His parents were William B. and Sarah (Bum-
ham) Menold. William B. Menold was a cab-
inet-maker, and spent his life in fiercer
county. Albert M. is their only child. W.
B. Menold died in 1859; his widow resides at
Greensburg, Pa.

After an education acquired in the common
schools of Blair and Huntingdon counties.
A. M. Menold took up the business of agricul-
ture. He was some time later employed by
the Pennsylvania Railroad Company, has
proved himself efficient, and is now passenger
and freight agent at Mill Creek. He is a
staunch Repulilican, and a member of Lodge

No. 117, I. O. O. F., Huntingdon county, also
of Encamitment No. 180, same order.

Albert M. Menold married Virginia B.,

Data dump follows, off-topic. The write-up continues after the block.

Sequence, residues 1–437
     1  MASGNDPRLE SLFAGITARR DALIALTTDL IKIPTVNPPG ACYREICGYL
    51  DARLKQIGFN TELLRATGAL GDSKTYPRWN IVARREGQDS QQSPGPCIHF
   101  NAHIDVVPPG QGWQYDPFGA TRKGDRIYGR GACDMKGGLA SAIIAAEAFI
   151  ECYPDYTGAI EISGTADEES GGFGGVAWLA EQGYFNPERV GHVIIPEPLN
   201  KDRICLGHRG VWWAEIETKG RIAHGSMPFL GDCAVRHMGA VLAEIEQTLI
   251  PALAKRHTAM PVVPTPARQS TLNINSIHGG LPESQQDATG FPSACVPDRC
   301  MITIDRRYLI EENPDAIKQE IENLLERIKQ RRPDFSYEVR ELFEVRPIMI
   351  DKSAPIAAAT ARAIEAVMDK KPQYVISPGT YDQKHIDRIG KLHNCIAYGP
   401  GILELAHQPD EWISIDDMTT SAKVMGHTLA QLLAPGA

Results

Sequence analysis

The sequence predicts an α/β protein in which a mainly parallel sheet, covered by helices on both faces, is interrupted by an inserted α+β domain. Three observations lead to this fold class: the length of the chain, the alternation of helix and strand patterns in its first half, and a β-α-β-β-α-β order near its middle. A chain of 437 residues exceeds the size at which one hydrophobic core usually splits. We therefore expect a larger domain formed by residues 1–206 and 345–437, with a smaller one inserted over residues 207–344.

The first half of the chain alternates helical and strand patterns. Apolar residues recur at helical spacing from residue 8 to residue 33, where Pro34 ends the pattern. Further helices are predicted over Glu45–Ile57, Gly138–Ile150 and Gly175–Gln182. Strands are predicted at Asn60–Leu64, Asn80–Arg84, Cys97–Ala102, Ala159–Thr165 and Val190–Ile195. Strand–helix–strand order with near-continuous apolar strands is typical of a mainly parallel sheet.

daughter of James G. and Eliza T. Carothers,
born in 1850. Their marriage ^ook place in
1879. Their children are: J. LeRoy; Mary
Ethel; Charles, deceased; Harry; and Paul,
deceased. !Mr. ]\renold is a memljcr of the
Presbyterian church.

CHARLES FULTZ, Mill Creek, Hunting-
don county, Pa., is a son of Jacob and ilary
(Smith) Fultz. Jacob Fultz was a native of
Lancaster county. His calling was that of a
tailor; he was twice married, his second wife
being Mary Smith. The children of Jacob
and Mary (Smith) Fultz are: Sarah, deceas-
ed; Abraham, of AllensA-ille, Pa.; Samuel,
residing in Kansas; Philip, of Allensville;
Joseph, residing in Centre county, Pa.;
Charles; Susan, deceased; and Margaret, de-
ceased. Jacob Fultz died in 1857 ; Mrs. Mary